Advertisements

Treading Lightly

When my wife and I first brought our baby home, Sprout slept in a pack & play next to our bed. It helped us to respond quickly to her needs, but it created a problem: We needed to be quieter in order to avoid waking her.

After a few nights of hearing the Mission: Impossible theme in my head every time I tried to slip under the covers, the realization hit that there was more to it than stealth. We started looking at the room differently. There was a need to rearrange where things were in order to make it easier to take care of the necessary tasks. It became more important to maintain the order in that space than before. Anything left on the ground could create noise or injury to the person trying not to make noise.

You start to look at your actions differently. Being quiet doesn’t involve tensing up and tip-toeing the way that every cartoon ever would have you believe. You limit how much you move. You tone down how much force you put into actions. You set things down gently instead of tossing (which also helps to maintain the space). Your actions begin to feel lighter.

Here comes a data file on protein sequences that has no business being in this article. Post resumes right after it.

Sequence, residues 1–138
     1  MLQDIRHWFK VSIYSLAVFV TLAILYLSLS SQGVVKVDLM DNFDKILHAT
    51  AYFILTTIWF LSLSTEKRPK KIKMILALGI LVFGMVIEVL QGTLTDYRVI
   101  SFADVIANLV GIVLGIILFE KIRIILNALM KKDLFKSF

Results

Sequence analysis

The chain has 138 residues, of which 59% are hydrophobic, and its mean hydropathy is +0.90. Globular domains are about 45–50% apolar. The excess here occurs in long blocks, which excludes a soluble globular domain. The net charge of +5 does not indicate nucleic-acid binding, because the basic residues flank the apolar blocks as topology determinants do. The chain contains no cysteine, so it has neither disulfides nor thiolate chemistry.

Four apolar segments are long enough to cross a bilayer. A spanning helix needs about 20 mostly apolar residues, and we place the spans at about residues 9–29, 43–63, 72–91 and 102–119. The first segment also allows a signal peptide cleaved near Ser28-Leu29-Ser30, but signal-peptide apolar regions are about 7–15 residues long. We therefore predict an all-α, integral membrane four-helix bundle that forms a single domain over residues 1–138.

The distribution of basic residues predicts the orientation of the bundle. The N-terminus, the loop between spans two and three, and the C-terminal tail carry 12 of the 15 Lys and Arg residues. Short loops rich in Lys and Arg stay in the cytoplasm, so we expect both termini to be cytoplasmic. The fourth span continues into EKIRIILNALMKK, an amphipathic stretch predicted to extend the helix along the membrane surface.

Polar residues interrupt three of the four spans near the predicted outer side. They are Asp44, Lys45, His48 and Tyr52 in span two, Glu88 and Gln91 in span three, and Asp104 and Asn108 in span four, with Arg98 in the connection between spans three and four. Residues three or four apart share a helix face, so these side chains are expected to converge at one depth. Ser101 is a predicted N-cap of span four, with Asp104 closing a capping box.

You even think about your actions differently. It may start as “I have to be quiet while I get into bed, or else this baby is going to hear me, wake up, and never go back to sleep until the next Presidential election, and I will rip all my hair out long before then!” but if you keep that up, you will wake the baby. And you will be annoyed. And it will be harder to focus on getting the baby back to sleep.

But with practice, you can hit that sweet spot where you’re even treading lightly in your mind. “I need to pull the covers back.” “I need to sit down on the bed.” “I need to shift my weight to slide under the covers.” Simple actions, pushing toward the goal, but detached from the prediction of failure. Even your mind is using less effort. Walking softly.

Drop a rock in a stream. The water doesn’t stop, look at the rock, swear under its breath, and evaporate. It flows around. That rock can be seen as an obstruction to the natural flow of the water, or it can be seen as the cause of a new route. Either way, the water keeps flowing. The trick is in learning to see the difference.